The Europeans “are increasingly separating themselves from the U.S.” as they struggle to deal with Trump’s unconventional approach to diplomacy, said Heather Conley, the director of the Europe program at the Center for Strategic and International Studies. “If that’s formulating a six-plus-one, they will do that. If that is looking to other, more-flexible calibrations to get their interests done, they will do that,” she said.
In Canada last year, the government of Prime Minister Justin Trudeau went back and forth on whether a joint communiqué was possible, and prepared several alternatives, according to Peter Boehm, the senior Canadian diplomat who served as Trudeau’s “sherpa” for the gathering.
Trump was persuaded to sign a lengthy communiqué only after the United States was given its own climate paragraph, separate from what the others endorsed. But after leaving the meeting early, Trump withdrew his signature from the entire document, via a tweet sent from Air Force One, in a huff over a perceived slight from Trudeau.
He later told aides that he thought the Canada summit was a waste of time — especially a lengthy discussion about plastic pollution in the oceans, and proposed support for a beach cleanup initiative.
Trump leaves Washington on Friday night for the summit in Biarritz, on the Bay of Biscay near the Spanish border, and the leaders first meet formally at a Saturday night dinner. The gathering, including Britain, Germany, Italy, Japan, Canada, France and the United States, is the 45th since the group was formed in 1975. Russia joined in 1998, and it was the Group of Eight for 14 years until the Russians were kicked out after the 2014 annexation of Crimea.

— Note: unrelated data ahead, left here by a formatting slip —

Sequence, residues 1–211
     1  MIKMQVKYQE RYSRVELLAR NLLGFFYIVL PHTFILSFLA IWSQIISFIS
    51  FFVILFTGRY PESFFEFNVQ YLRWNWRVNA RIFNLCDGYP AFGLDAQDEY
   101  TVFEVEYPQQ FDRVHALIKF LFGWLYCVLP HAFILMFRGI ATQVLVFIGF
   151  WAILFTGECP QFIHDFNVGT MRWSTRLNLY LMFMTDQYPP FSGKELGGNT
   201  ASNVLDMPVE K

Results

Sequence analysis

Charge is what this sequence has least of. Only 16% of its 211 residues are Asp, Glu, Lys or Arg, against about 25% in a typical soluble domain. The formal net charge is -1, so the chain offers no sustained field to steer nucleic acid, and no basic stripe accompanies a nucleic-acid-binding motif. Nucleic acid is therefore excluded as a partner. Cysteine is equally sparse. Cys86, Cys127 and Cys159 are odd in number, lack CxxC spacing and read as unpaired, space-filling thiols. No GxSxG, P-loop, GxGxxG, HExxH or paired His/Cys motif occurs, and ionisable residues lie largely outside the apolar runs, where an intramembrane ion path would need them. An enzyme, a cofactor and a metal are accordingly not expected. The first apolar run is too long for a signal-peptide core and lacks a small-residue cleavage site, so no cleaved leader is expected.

Hosting duties are rotated among the members, and next year the United States will be in charge of setting the agenda. While its core interest remains the global economy, the group has evolved over the years to discuss all manner of international issues of concern to a membership with shared values. Its small size is designed for informality.
“What the leaders really like is the fact they can have an unscripted, fairly freewheeling discussion,” Boehm said. “They can feel free to interrupt each other and have a dialogue.”
In their plenary meetings, only the leaders are at the table, accompanied by their individual sherpas — in Trump’s case, Kelly Ann Shaw, deputy director of the National Economic Counsel and former National Security Council senior director for international trade, investment and development.
A senior administration official said Trump wants to brag about the U.S. economy and is uninterested in the many other issues that concern the G-7.
Trump has scheduled separate, bilateral sessions with all of the member leaders, except for Italy, whose right-wing government collapsed this week. He will also meet with Indian Prime Minister Narendra Modi, who will be attending the expanded group meetings on Monday, along with counterparts from Egypt, Rwanda, South Africa, Burkino Faso, Senegal, Australia and Chile.